June 17, 2020

Moving On

Goodness, what a time and tumult for the country during these past few weeks, particularly with all the wide-ranging and seemingly endless protests following the horrific death of George Floyd (and of course the other African-Americans who have recently lost their lives owing to clearly wrongful and deadly police action). Of course, as you would imagine, I am four-square in support of these protests, even though these days I am so infirm because of my spinal stenosis I am unable to join the marchers in my local area. Indeed, I can scarcely walk down my street these days without difficulty, but there I go again, writing about me, when I mean to be writing about what’s happening to our country. Mea culpa, not for the first time. 

Because of these massive protests, not just here but throughout the world, the COVID pandemic has been shunted aside for the time being as far as the primary focus of the news is concerned, but of course it is still very much with us. I’ll say a bit about that later, but right now I have some personal things to tell you that will set the tone for the remainder of this blog, which will surely turn out to be some kind of a potpourri.

Frankly, my friends, I am growing a bit tired of writing about the pandemic, as I’m sure you are tired of reading about it. And I have no wish to comment on the protests in support of the Black Lives Matter movement, even though I wholeheartedly endorse them. But since there has already been so much coverage of this matter over these past weeks in the media, there’s no need to me to add any of my own verbiage to the subject.

Many commentators and pundits have remarked that they believe that with these protests, the country has reached a turning point, and they are probably right. But for me, personally, as far as these blogs are concerned, I think I have reached a turning off point, and I’m quite sure I am right about that. As the French say, ├ža suffix. I am going to take a break from the blogging life for a while and devote myself to paring my fingernails, which have suffered from a malign neglect all these months. People are beginning to say that in that respect, if in no other, I am beginning to resemble Howard Hughes.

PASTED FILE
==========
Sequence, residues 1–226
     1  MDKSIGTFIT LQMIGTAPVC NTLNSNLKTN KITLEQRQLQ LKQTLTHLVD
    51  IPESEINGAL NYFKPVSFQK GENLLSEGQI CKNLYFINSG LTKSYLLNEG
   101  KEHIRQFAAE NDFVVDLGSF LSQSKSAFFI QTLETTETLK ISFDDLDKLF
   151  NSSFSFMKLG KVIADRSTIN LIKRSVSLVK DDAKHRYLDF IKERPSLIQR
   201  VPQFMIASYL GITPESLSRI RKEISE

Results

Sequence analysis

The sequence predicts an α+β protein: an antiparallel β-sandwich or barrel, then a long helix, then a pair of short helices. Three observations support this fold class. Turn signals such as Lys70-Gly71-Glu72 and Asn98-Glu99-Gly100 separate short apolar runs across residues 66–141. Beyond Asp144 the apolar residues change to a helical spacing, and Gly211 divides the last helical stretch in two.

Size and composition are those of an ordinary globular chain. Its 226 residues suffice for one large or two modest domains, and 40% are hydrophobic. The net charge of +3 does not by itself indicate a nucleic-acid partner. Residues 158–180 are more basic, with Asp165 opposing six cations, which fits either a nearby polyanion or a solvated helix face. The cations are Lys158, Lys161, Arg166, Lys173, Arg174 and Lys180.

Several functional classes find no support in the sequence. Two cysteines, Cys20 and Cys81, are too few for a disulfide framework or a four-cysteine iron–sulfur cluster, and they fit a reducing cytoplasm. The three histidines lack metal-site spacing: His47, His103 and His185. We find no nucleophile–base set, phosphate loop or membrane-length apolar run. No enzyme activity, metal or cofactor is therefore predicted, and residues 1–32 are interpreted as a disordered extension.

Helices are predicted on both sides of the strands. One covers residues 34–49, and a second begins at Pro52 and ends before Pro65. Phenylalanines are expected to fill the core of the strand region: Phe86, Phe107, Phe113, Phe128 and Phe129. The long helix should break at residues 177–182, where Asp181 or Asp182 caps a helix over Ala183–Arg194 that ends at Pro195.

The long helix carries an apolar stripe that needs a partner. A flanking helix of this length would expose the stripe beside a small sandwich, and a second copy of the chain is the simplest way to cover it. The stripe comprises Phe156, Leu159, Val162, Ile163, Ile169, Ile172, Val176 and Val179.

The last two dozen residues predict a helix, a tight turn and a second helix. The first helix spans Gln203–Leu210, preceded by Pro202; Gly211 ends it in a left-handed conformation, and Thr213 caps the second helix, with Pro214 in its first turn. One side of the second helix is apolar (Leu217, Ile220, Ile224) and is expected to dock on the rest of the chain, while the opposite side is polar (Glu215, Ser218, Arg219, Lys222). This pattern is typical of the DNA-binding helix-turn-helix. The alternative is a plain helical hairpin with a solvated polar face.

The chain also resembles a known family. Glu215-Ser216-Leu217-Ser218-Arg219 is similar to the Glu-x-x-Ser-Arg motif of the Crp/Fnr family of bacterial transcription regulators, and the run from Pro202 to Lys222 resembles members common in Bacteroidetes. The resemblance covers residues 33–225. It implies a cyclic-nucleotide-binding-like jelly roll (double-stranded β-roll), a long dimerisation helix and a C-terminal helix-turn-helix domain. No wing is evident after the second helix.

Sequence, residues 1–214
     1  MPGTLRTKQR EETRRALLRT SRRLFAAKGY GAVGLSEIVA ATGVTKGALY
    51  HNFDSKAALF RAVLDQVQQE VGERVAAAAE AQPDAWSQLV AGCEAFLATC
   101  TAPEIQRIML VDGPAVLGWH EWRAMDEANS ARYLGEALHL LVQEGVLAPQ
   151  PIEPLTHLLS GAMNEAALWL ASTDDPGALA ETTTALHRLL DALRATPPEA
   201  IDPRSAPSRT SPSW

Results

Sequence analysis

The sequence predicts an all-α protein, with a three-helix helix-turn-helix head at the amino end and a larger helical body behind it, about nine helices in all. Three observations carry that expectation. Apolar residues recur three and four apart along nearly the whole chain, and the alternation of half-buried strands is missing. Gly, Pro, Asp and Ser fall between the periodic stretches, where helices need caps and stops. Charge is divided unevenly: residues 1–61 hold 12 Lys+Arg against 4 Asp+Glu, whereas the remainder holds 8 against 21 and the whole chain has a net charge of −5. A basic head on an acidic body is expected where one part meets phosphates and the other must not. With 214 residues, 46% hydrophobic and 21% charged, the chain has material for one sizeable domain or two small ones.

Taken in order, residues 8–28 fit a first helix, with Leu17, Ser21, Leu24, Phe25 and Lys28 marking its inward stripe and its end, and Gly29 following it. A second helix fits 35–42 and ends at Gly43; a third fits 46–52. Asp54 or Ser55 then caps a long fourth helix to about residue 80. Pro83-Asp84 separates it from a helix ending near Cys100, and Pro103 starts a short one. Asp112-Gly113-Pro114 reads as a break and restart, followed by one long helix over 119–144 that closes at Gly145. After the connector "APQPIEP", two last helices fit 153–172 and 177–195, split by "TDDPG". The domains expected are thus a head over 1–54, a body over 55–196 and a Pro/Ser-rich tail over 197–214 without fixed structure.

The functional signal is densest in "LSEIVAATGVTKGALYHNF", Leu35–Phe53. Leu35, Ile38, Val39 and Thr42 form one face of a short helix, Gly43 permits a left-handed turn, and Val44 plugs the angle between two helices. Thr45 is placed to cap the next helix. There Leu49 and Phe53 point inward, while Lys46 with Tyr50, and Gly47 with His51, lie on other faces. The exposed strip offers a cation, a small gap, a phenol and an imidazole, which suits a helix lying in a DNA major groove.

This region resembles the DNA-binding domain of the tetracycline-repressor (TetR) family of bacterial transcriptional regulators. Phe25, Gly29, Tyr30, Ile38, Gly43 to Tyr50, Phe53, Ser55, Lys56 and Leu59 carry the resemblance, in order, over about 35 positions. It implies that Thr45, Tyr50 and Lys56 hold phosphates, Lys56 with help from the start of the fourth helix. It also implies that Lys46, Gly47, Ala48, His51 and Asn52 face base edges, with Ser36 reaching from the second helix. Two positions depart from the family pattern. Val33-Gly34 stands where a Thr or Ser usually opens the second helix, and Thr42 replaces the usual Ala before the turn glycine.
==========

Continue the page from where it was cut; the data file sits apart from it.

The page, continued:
Actually, my fingernails notwithstanding, I have been doing other things with my fingers lately. For example, I find them quite helpful in reading books, so to distract myself from the world’s troubles as well as my own, I have employed them in returning to some of my favorite authors. May I take a few moments to share since I have already announced my departure, for now at least, from further commentary on the coronavirus? What I am about to tell you may turn out to be the only thing of value in this blog.

One of my favorite authors (besides Mark Helprin whom I have already raved about) is the French-born Belgian writer with the formidable name of Eric-Emmanuel Schmitt. Although he is not so well known in the United States, he is one of the most popular authors and playwrights in the world. I just love this guy, and I would marry him if he ever offered. Lately, I read a book of his short stories called Invisible Love (he often writes about love), and am currently reading some of his early plays, one of which is about Freud. Other books by Schmitt that I have read and hugely enjoyed are, first of all, one called modestly enough, The Most Beautiful Book in the World. Others I’ve read are The Carousel of Desire; The Woman with the Bouquet; Concerto to the Memory of an Angel; and the book that first got me hooked on Schmitt, Three Women in the Mirror. My advice: stop reading this blog now and check him out on Amazon. You will thank me.

As some of you will now know, I am one of the vanishing breed of classical music lovers who are soon, I fear, likely to go the way of the dodo. I just wrote a blog about two very eccentric composers that some of you may have read and have others in my blog queue that will be inflicted on you over the next couple of months. But I’ve also been reading in this area, particularly about the astonishing relationship between one of the most remarkable women of the 19th century, the singer, Pauline Viardot, she of gypsy blood but a supreme artist, and her decades-long romance, while married, with the celebrated Russian writer, Ivan Turgenev, who was wild about her. If you have any interest in such cultural icons as these worthies, get ahold of a book called The Price of Genius by April Fitzlyon. It is absolutely riveting.